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Health professions, Proportionality test & Competition

Public Health is this uneasy area of governance where the EU Commission’s concerns for competitiveness are limited by the national competence for organising domestic healthcare systems.

The possible articulation between competition’s requirements and health’s protection is regularly provided at the EU level by the European Court of Justice; EU experts might give a hand too.

On 12 June 2015 the European Commission independent expert panel on effective ways of investing in health published its final opinion on Competition among health care providers – Investigating policy options in the European Union.

When a legislator or a regulator is about to introduce more competition into a national health system (“Competition is often looked at as a solution to problems that Government-run and regulated health systems did not solve”), the report identifies various conditions across EU Member States that need to be considered such as:

  • the free movement of patients & “adequate information about provider prices and quality
  • the free movement of services & “the existence of standardised products or services facilitating comparison by patients
  • the free movement of professionals & “the presence of multiple providers”
  • the market access of professionals & “the possibility of an easy entry and exit of health care providers”.

The two last concerns are targeted by the recent proposal of Directive on a proportionality test before adoption of new regulation of professions

This draft Directive can be read at the light of this opinion on competition among health care providers.

In its 2015 document, the expert panel addresses many aspects of competition (price, information, quality, etc); it stresses for instance that in addition to economic evaluation, information about quality is of particular importance for competition to improve access to high quality care. Such competition is also essential for public authorities looking to “improve efficiency” in the use of health resources. The latter is an old concern from the Euro-zone and the public health spendings are annually addressed by both the EU Commission and Council.

However the expert panel is not ready to sign a blank check to competition and appears keen to stress that:

Competition in health care provision will not solve all health system problems and may have adverse effects. Neither economic theory nor empirical evidence support the conclusion that competition should be promoted in all health services”.

This warning should also be read in conjunction with the proposal of Directive on a proportionality test before adoption of new regulation of professions. 

It is perfectly legitimate to ensure that a professional regulation is proportionate to its pursued objective of public health.

One can also understand the EU Commission’s view to introduce more competition and to reduce the reserve rights granted to some professions (Recital 19 in fine, Article 6(2)(f), Article 6(3) of the draft Directive).

But when it comes to health professions, the Commission’s draft proposal of Directive should show more prudence and remember the experts’ advice: health services are not usual commercial services : “Introducing, increasing or changing competition in health services is a delicate policy exercise.”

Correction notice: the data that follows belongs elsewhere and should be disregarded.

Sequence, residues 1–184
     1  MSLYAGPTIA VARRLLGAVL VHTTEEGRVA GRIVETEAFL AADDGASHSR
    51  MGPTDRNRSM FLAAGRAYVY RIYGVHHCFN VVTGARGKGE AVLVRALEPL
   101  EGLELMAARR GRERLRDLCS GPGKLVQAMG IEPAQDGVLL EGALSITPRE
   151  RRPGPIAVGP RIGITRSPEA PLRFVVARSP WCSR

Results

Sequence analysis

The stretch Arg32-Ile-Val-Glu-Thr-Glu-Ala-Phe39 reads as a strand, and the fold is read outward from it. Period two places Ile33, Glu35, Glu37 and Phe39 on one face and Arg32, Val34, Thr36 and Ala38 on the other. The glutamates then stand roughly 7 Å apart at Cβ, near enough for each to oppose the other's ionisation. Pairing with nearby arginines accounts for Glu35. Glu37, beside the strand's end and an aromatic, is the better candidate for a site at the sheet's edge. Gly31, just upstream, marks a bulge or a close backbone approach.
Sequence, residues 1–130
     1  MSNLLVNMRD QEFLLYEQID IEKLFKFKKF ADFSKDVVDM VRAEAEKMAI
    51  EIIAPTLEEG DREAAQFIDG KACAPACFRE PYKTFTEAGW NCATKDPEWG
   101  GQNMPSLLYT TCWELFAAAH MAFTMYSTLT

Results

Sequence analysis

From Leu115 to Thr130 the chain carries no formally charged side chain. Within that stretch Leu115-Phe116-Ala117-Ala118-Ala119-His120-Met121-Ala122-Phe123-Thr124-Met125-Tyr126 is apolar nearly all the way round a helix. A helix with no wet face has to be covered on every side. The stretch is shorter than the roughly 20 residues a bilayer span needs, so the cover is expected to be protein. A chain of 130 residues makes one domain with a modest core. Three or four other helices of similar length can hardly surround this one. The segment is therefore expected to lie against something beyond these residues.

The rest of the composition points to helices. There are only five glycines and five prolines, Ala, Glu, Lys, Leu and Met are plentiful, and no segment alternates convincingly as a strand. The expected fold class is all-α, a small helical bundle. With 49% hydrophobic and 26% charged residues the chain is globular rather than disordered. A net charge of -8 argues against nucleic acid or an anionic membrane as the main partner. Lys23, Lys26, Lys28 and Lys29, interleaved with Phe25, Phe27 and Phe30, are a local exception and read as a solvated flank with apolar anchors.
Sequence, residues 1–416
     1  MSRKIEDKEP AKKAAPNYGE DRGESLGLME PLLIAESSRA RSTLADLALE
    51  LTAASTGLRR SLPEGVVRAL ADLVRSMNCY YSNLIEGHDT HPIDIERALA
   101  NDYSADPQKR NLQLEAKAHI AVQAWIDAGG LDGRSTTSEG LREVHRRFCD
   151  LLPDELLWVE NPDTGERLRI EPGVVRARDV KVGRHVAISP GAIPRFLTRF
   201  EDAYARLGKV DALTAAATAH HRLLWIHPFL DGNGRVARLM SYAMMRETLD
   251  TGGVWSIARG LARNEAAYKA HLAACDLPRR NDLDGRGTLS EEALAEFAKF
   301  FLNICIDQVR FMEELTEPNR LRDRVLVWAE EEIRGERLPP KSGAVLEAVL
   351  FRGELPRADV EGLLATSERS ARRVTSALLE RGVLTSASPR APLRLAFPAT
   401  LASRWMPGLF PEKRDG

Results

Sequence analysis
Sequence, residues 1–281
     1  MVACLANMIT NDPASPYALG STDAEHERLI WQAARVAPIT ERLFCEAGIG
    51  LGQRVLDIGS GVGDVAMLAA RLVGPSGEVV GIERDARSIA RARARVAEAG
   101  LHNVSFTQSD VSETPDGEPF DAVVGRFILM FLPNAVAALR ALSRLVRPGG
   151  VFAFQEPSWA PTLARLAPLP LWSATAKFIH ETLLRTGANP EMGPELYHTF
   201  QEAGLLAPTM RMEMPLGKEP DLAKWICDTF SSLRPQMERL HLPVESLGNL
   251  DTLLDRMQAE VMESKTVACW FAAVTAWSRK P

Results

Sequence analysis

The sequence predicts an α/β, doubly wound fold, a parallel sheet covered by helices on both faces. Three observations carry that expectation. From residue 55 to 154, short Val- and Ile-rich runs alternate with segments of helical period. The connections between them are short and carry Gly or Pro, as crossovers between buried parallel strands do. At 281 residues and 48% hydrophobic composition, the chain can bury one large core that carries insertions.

And “As an instrument, the use of competition among health care providers needs to be measured against the different objectives of health systems. These objectives may be conflicting and require a balance. It is unlikely that competition is aligned with all of these objectives at the same time”.

Since national health systems vary across the 28 countries, the expert panel conclude there is no fixed set of conditions that ensure competition will improve health system performance. Appropriate answers are national or regional answers (this is also the draft Directive’s spirit in theory).

To conclude, the expert panel addresses to the Commission its recommendations:

When considering the use of competition among health care providers, decision makers should take into account the following:

1. Introducing, changing or increasing competition in the provision of health services is a delicate and complex policy exercise.

2. It requires additional policy actions aimed at allowing the market to function properly and should be accompanied by careful and constant evaluation of effects.

3. It also requires, among other things, the enforcement of competition rules to prevent the creation, strengthening or abuse of dominant positions.

4. Although there is no general presumption about the impact of competition on equity objectives, policy concerns about adverse effects reinforce the need for careful monitoring.

5. There is an urgent need to develop empirical evidence, on when and how competition among health care providers works, in ways that are useful for policy.”

Clearly, a draft proposal of Directive proposing 21 criteria of assessment of proportionality of regulated professions (Article 6) and not a single criterion of assessment of the justification of public health brought to these professions (Article 5) creates an asymmetric evaluation of health professions that does not echo the experts’ recommendations of carefulness regarding the introduction of competition among health care providers.